Night vision camera technology has come a long way in the digital age. As sensors continue to improve, so does low-light image quality. However, as good as infrared night vision cameras are, they are monochromatic. Researchers from the University of California Irvine hope to change that by combining infrared camera technology with artificial intelligence to develop a night vision camera that produces full-color images, even in what amounts total darkness for human eyes.

Our eyes see in the visible light spectrum. The wavelength of visible light ranges from 400 to 700 nm. Specialized night vision camera systems 'see' in infrared light which is then digitally converted into a monochromatic image in the visible light spectrum. This method of 'seeing' in the dark has limitations, including producing monochromatic image. The UC Irvine researchers 'sought to develop an imaging algorithm powered by optimized deep learning architectures whereby infrared spectral illumination of a scene could be used to predict a visible spectrum rendering of the scene as if it were perceived by a human with visible spectrum light. This would make it possible to digitally render a visible spectrum scene to humans when they are otherwise in complete 'darkness' and only illuminated with infrared light.' Part of 'as if it were perceived by a human with visible spectrum light' includes a color image.

'(left) Visible spectrum ground truth image composed of red, green and blue input images. (right) Predicted reconstructions for UNet-GAN, UNet and linear regression using 3 infrared input images.'

To achieve this goal of colorful night vision imagery, the team needed to adequately train a deep learning model with a suitable image set. Using printed images shown under multispectral illumination, a convolutional neural network was optimized to predict what different images seen under infrared light would look like in the visible spectrum. 'This study serves as a first step towards predicting human visible spectrum scenes from imperceptible near-infrared illumination.' As of now, the team has only tested the approach using printed photos. However, the results should translate to real-world subjects and video applications.

This isn't the first time researchers have attempted to teach night vision cameras to see color. Prior attempts have included photographing the same scene with a typical camera and an infrared camera to teach a machine learning model to predict color from an infrared image. The scientists at UC Irvine have instead used multiple wavelengths of infrared light to improve a color-prediction algorithm. The results show that the team's infrared light and deep learning method does an excellent job compared to an actual color image. As the team increased the number of infrared channels, the model made better predictions. Instead of relying upon a single infrared image, imaging across multiple infrared channels results in more accurate full-color predictions.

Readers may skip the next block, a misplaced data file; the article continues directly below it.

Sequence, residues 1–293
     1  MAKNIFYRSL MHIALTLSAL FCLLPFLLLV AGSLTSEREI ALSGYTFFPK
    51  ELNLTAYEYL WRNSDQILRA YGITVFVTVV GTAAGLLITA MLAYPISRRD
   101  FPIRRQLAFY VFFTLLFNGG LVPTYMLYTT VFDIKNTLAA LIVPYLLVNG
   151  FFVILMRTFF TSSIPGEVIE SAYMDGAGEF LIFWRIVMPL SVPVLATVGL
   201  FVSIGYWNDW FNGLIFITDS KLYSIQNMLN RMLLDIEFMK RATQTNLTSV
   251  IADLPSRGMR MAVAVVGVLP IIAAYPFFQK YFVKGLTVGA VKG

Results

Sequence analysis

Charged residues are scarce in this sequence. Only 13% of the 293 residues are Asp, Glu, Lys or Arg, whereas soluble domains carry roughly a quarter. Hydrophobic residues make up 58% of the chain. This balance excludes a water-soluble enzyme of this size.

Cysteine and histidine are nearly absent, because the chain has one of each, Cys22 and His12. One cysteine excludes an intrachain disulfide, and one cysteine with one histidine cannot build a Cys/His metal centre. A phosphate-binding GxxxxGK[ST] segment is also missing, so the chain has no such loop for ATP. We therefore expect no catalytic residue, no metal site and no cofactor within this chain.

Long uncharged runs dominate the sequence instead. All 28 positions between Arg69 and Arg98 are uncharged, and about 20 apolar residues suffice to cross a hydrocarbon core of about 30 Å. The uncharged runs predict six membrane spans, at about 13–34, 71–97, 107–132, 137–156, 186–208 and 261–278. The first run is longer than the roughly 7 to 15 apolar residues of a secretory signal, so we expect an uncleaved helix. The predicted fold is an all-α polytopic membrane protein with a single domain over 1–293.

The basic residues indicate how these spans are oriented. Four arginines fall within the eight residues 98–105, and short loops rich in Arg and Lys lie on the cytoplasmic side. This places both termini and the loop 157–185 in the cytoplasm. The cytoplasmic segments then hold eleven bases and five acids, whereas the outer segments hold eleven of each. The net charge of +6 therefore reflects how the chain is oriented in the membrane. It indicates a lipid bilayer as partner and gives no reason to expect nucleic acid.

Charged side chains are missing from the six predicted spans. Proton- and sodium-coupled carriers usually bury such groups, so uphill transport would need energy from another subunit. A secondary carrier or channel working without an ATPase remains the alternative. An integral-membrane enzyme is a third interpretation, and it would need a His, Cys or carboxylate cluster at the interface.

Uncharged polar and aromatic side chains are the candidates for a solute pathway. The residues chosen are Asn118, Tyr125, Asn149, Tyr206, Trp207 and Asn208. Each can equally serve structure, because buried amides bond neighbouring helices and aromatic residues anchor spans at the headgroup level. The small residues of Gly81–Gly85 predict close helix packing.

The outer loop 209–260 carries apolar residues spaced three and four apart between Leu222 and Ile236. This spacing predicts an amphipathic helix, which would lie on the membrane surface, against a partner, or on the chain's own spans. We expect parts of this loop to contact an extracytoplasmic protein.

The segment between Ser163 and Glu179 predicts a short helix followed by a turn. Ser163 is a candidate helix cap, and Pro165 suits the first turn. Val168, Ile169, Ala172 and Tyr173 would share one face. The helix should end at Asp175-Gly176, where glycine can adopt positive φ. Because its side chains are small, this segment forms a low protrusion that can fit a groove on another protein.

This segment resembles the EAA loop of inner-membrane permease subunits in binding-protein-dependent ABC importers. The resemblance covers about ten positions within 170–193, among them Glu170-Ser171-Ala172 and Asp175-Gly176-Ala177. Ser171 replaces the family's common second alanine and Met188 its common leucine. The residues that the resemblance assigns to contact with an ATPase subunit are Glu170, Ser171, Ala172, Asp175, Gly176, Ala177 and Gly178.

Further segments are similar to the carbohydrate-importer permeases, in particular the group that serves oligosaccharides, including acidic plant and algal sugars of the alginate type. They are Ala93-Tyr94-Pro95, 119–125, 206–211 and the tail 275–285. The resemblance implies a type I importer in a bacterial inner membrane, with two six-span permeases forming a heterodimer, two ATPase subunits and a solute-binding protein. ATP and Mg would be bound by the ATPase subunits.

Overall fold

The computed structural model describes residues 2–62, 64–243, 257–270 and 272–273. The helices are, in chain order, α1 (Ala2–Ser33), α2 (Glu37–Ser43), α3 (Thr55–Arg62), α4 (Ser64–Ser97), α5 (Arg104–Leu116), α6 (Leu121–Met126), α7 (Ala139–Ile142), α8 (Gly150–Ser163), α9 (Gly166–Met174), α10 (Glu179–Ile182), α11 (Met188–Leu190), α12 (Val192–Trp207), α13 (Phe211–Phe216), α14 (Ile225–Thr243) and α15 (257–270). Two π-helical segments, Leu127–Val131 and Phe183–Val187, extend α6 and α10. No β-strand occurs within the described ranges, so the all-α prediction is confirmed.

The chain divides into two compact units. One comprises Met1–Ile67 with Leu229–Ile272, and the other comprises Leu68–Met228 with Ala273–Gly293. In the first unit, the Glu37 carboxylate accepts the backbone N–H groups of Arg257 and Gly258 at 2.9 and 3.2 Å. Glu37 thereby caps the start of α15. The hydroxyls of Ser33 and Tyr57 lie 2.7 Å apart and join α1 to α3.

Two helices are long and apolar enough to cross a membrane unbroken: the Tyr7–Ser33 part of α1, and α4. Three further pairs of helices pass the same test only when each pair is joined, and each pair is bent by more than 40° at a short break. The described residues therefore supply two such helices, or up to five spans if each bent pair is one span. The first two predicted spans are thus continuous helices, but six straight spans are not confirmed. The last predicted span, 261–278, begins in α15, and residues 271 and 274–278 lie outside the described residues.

FID scores (lower is better) improve as the model is trained more and with images captured with additional infrared wavelengths. As you can see by the black line, the best results are achieved using three infrared wavelengths (718, 777 and 807 nm).

Further work is required, but so far, the team's deep learning model has produced consistent RGB reconstructions using only three input infrared images. Further, the proposed U-Net architectures can process three images per second. So, it's not quite ready to behave as a real-time full-color night vision camera. However, it's getting there. The team believes that different accelerations could be used to increase speed. Further, the starting point is a great baseline for improvements due to improved architecture, multi-threading or faster hardware.

The 'proof-of-principle' study shows promise. Possible real-world applications include full-color night vision cameras that could be used for surveillance, security, animal observation and military operations. The technology could also be useful for handling, processing and studying biological samples that are sensitive to visible light, such as when studying retinal tissue. There are also possible medical applications, such as being able to perform sensitive eye surgery in total darkness. The team concludes, 'In short, this study suggests that CNNs are capable of producing color reconstructions starting from infrared-illuminated images, taken at different infrared wavelengths invisible to humans. Thus, it supports the impetus to develop infrared visualization systems to aid in a variety of applications where visible light is absent or not suitable.'

The full study is available at Plos One. The study's authors are Andrew W. Browne, Ekaterina Deyneka, Francesco Ceccarelli, Josiah K. To, Siwei Chen, Jianing Tang, Anderson N. Vu and Pierre F. Baldi.